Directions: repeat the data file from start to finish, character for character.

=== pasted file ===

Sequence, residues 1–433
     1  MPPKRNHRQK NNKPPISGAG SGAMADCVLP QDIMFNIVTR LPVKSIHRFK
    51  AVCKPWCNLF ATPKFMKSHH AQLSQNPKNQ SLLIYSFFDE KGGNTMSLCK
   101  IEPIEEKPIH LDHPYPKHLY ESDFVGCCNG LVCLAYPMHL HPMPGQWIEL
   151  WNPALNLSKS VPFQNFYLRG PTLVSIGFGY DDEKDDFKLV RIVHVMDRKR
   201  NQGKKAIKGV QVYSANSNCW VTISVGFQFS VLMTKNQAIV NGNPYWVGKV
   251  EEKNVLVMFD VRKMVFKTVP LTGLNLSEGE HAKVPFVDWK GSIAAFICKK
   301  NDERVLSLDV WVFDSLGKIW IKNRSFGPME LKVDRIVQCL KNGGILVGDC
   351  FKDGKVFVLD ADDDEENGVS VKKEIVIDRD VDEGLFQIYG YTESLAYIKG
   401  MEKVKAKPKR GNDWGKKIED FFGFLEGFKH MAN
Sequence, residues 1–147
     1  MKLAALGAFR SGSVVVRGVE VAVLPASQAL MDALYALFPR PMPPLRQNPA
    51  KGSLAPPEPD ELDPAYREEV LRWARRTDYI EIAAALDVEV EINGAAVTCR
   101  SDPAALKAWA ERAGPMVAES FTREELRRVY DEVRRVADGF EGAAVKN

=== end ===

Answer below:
Sequence, residues 1–433
     1  MPPKRNHRQK NNKPPISGAG SGAMADCVLP QDIMFNIVTR LPVKSIHRFK
    51  AVCKPWCNLF ATPKFMKSHH AQLSQNPKNQ SLLIYSFFDE KGGNTMSLCK
   101  IEPIEEKPIH LDHPYPKHLY ESDFVGCCNG LVCLAYPMHL HPMPGQWIEL
   151  WNPALNLSKS VPFQNFYLRG PTLVSIGFGY DDEKDDFKLV RIVHVMDRKR
   201  NQGKKAIKGV QVYSANSNCW VTISVGFQFS VLMTKNQAIV NGNPYWVGKV
   251  EEKNVLVMFD VRKMVFKTVP LTGLNLSEGE HAKVPFVDWK GSIAAFICKK
   301  NDERVLSLDV WVFDSLGKIW IKNRSFGPME LKVDRIVQCL KNGGILVGDC
   351  FKDGKVFVLD ADDDEENGVS VKKEIVIDRD VDEGLFQIYG YTESLAYIKG
   401  MEKVKAKPKR GNDWGKKIED FFGFLEGFKH MAN
Sequence, residues 1–147
     1  MKLAALGAFR SGSVVVRGVE VAVLPASQAL MDALYALFPR PMPPLRQNPA
    51  KGSLAPPEPD ELDPAYREEV LRWARRTDYI EIAAALDVEV EINGAAVTCR
   101  SDPAALKAWA ERAGPMVAES FTREELRRVY DEVRRVADGF EGAAVKN